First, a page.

#147: The Blamers by Les Vogt
Peak Month: August 1960
11 weeks on Vancouver’s CFUN chart
1 week Future ‘FUN Favorites
Peak Position #1
Peak Position on Billboard Hot 100 ~ did not chart
YouTube.com: “The Blamers”
Les Vogt was the lead singer for the premier local rock n’ roll band in Vancouver called The Prowlers. As described in his bio, he writes “I was a tall, shy kid that became interested in music at the age of 13 when my older brother (Ed) took me to a few “live” concerts… Louis Armstrong and Wilf Carter were the most memorable. After seeing a Wilf Carter concert in 1951, I took my older brother’s hand-me-down guitar and learned to play and yodel in the confines of my bedroom.” At the time, Vogt was a Grade Eight student at John Oliver High School. By 1953, Vogt became part of the Fraserview Drifters, along with his friend Larry Tillyer (guitar), Laurie Bader (drums), Eric Olsen (accordion) and for awhile Wayne Dinwoodie (fiddle). As country music was the only alternate to the big band sound, the Fraserview Drifters played covers of Eddy Arnold, Hank Thompson, Marty Robbins, Guy Mitchell, Frankie Laine and others. By 1954, the set shifted to covers of “Sh-Boom” by the Crew Cuts, “Three Coins In The Fountain” by the Four Lads, and other pop tunes. By 1956, a guitar player from Nova Scotia, Fred Bennett, had moved to Vancouver. And he joined the band.
On local Vancouver radio, Jack Cullen had moved from Port Alberni to host a radio show on the forerunner of CFUN, then called CKMO, in 1947. CKMO was 1320 on the AM dial before the station moved over to 1410 AM. Cullen, in addition to the Owl Prowl show also hosted the 1320 Club in the late afternoons. Cullen aired live big band shows during his program with Glenn Miller and other visiting recording stars, as well as Mart Kenny and His Western Gentlemen and Dal Richards big band. Cullen could croon a tune and often sang a few while being an emcee at a concert or for a dance. In 1956 Cullen was the emcee for a sock hop at John Oliver High School. Attending the sock hop was John Oliver student Les Vogt. The young man got the courage to introduce himself to the popular DJ and told Cullen about his band, The Fraserview Drifters, and that he intended to play sock hops at high schools in the future. Cullen didn’t take much notice, simply saying “sure kid… good luck and stay in touch.”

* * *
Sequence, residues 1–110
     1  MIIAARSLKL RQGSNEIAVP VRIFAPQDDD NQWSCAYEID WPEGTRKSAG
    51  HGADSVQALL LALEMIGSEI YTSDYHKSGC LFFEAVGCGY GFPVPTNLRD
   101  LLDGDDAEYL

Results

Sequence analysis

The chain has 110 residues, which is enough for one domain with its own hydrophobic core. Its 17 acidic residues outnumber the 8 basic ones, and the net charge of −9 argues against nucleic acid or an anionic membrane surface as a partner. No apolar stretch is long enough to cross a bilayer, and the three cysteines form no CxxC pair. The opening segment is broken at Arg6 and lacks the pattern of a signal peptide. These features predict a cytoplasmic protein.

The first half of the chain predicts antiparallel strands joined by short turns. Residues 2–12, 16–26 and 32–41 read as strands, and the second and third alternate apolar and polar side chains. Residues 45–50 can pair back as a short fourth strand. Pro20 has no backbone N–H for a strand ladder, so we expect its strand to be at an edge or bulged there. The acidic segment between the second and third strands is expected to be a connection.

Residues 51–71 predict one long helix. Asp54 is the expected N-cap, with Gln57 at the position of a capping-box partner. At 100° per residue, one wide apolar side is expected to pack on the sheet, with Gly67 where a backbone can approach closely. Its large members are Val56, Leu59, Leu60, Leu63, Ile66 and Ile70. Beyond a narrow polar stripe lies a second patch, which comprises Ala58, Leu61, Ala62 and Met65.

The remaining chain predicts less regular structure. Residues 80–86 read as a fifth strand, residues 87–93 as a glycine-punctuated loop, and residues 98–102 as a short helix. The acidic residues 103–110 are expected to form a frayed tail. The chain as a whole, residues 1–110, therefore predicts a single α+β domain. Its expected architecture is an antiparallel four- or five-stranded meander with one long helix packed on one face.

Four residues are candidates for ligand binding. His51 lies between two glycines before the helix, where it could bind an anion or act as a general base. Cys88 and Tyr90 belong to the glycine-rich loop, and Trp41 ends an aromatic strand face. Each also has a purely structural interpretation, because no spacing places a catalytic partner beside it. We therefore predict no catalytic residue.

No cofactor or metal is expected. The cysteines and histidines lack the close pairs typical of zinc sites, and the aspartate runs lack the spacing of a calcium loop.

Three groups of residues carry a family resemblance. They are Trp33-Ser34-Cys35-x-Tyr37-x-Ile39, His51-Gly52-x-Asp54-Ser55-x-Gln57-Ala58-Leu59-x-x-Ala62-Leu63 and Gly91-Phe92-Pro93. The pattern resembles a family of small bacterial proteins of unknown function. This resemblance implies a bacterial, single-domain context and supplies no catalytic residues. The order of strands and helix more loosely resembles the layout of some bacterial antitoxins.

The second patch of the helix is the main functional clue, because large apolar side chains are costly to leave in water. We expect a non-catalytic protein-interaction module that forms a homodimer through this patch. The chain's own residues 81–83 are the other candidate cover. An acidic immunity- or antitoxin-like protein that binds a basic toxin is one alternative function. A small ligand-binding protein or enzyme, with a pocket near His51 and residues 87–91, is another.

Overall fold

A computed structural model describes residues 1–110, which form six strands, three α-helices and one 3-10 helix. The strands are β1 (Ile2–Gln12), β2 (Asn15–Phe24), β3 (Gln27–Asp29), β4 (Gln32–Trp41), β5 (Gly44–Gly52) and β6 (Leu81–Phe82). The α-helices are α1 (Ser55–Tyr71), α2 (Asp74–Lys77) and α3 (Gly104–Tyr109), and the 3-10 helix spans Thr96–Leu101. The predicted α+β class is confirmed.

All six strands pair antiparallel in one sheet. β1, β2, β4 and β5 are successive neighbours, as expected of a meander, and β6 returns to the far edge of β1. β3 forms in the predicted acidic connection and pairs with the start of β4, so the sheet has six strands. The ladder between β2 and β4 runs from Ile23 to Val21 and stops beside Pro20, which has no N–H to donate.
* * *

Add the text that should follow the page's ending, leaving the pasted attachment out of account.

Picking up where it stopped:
Les Vogt recalls “The band’s big break came from a fluke telephone call to DJ Jack Cullen’s radio program. Cullen’s “Owl Prowl” was Vancouver’s most popular radio program at the time and pretty much all the teenagers in the city listened to it. One of the girls attending a basement rehearsal for the band took it upon herself to phone Jack Cullen (on the air) and asked him to listen to the band over the phone. He not only listened to the band… he patched the call over the airwaves and all of Vancouver was talking about the band the next day. Cullen received so many phone calls that he brought the band into his small radio studio and recorded several songs which he proceeded to play regularly on the air. This connection resulted in the band naming themselves “The Prowlers” since their popularity came from Jack Cullen’s Owl Prowl radio show.” They began to appear regularly on local DJ Jack Cullen’s Owl Prowl radio show on CKNW. Cullen did more for The Prowlers when he arranged for them to be the opening act for the June 27, 1956, concert featuring Bill Haley & The Comets at the Kerrisdale Arena.
But once Elvis Presley appeared on the Ed Sullivan Show on three occasions in September 1956, everything changed. The Prowlers were a sought after band. Their repertoire included covers of Presley records such as “Don’t Be Cruel”, “Mystery Train”, and “When My Blue Moon Turns To Gold Again”, Frankie Lymon’s “Goody Goody”, Carl Perkins’ “Blue Suede Shoes”, Fats Domino’s “My Blue Heaven”, Buddy Knox’s “Hula Love”, and Clyde McPhatter and the Drifter hit “Money Honey”.
In May, 1958 The Prowlers released a song Les Vogt composed called “Get A Move On” on a small local independent label named Aragon Records. The Prowlers were backed by the vocals of a local girl group called The Valentines. However, the record was passed over. ON CKWX Red Robinson was the number one DJ teens listened to in Vancouver. Management at CKWX Radio considered The Prowlers, with their association with Jack Cullen, as competition who would give attention to a sister radio station they didn’t want to give publicity to. Consequently, the song was a commercial failure in Vancouver having no exposure on the Red Robinson show. Over on CJOR teen DJ, Frosty Forst, gave the disc a spin. But it wasn’t enough to save it from obscurity. Vogt graduated from John Oliver High School in 1958.
In 1958 The Prowlers recorded a song called “The Blamers”. “The Blamers” was recorded by Allen Parker, who was a milkman. Les Vogt got to know Parker when they both worked at Dairyland. Parker made demos of a number of local groups. When Parker was at a concert of the DeCastro Sisters in 1958 he was able to interest their manager, Jack LeGras, in listening to Parker’s demos. In 1960 “The Blamers” was released on Sparton Records in Canada.